Financial metrics

The capability and appropriateness of measurement systems and related metrics are not just things that scientists and engineers must care about. This seems to be obvious to just about anyone, unless you were on Wall Street before the financial crisis.

The Deloitte Center for the Edge has published a report on the decline in the return on assets of American businesses over the past 40 years. Jon Taplin, a professor at USC, posted a very insightful summary of the report, likening this decline and how it was hidden to a shell game. What was interesting to me in his post was how the blind obedience to a particular metric has been in large part to blame for our current financial insanity.

What the Deloitte report points out is that companies have been able to “juice” their return-on-equity (ROE) numbers by consistently taking on more and more debt. Meanwhile, their return-on-assets (ROA) have fallen steadily. If you are even a casual investor or small businessperson, you’ve probably heard of ROE and why it is important. You may not have heard of ROA. Let me briefly explain the difference

Return on equity is a company’s annual net income divided by total shareholder equity. Shareholder equity is essentially how much money investors have put into your company, so ROE measures how effective you are at generating a return on invested funds.  Return on assets, on the other hand, is your annual net income divided by total assets. ROA, therefore, measures your effectiveness at generating a return on everything the company owns and is in the bank.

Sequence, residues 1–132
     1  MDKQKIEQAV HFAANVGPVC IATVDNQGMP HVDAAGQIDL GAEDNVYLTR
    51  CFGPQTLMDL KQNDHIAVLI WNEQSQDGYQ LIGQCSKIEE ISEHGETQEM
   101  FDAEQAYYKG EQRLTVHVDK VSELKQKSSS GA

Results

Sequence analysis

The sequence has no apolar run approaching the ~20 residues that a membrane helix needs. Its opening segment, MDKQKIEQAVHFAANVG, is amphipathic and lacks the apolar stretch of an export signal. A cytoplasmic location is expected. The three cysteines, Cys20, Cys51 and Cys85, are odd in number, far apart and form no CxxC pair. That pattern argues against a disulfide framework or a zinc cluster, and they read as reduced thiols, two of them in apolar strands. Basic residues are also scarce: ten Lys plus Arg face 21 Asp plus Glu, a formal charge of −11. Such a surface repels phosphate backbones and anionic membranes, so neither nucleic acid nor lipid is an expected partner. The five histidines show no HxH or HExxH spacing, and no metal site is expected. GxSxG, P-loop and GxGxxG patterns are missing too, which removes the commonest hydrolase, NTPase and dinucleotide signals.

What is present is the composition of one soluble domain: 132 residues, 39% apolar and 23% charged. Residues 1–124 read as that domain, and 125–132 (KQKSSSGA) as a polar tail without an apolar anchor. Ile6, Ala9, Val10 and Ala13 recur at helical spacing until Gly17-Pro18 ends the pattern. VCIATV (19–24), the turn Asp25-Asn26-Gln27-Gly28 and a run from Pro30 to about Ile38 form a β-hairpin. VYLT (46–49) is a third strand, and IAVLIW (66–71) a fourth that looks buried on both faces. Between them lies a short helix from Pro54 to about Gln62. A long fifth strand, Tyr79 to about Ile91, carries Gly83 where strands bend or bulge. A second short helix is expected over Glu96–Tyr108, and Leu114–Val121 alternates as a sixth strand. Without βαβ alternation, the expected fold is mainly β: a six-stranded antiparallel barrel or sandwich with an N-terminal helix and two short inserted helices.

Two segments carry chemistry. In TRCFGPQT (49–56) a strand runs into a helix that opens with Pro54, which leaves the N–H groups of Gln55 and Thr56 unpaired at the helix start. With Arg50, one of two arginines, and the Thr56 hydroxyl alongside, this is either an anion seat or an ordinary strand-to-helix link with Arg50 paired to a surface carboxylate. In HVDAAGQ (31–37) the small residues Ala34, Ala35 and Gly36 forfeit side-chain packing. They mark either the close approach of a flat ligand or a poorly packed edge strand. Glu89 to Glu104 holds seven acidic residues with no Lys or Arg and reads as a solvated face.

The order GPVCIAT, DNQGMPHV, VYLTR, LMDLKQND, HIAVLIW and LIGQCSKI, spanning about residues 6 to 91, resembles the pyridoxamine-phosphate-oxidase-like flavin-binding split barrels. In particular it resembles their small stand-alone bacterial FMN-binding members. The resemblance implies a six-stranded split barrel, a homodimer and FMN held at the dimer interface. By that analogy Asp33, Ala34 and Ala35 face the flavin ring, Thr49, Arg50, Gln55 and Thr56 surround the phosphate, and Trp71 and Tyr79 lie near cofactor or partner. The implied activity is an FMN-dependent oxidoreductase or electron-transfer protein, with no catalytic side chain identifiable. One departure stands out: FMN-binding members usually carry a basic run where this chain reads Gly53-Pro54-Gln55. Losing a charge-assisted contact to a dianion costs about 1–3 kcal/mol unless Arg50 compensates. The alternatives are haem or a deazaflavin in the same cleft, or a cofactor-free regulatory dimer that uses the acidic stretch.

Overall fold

You may already be seeing the disconnect, just based on my choice of words when I defined ROE and ROA above. Let me give you an example: Let’s say you have two companies, A & B. Each of these companies generates 1 M$ per year in net income. Each of these companies has 5 M$ in equity on the books, meaning that the investors have 5 M$ in them. In each case, the ROE of the company is 20%. Not too shabby. But there is an important difference between them. Company B also has 5 M$ of debt outstanding. Company B will thus have 5 M$ more assets on the books than Company A, and thus their ROA will be lower.

If you’re a CEO and you’re managed by your board on the basis of your ROE, you thus have a substantial incentive to leverage your company with loads of debt in order to have more resources with which to expand your business, since that debt doesn’t show up directly on your measurements. People will still invest in your company on the basis of your keen ROE (so long as they don’t look at your debt-to-equity ratio, or your actual return on assets.)

The bottom line here is that a lot of people had a warning right in front of them about what was happening with GM and other companies, but couldn’t see it because one of their chief metrics hid it from them. As with so many other things, relying on a few simple metrics is dangerous and sloppy. Simple metrics are useful, but they must be cross-checked and reviewed with a constant eye on exactly what they tell you and what they do not.

Measuring things

Its sort of a joke, especially among industrial scientists, that physicists are ok at lots of things but not excellent at anything and that this explains why there are so few physicists in industry doing physics. While there is some accuracy to the joke, the truth is that the one thing that physicists excel at is measurement. As my graduate advisor used to point out, all of physics is counting. The trick is just to figure out the right things to count and the right way to count them. That’s the essence of measurement and its not always as easy as it seems.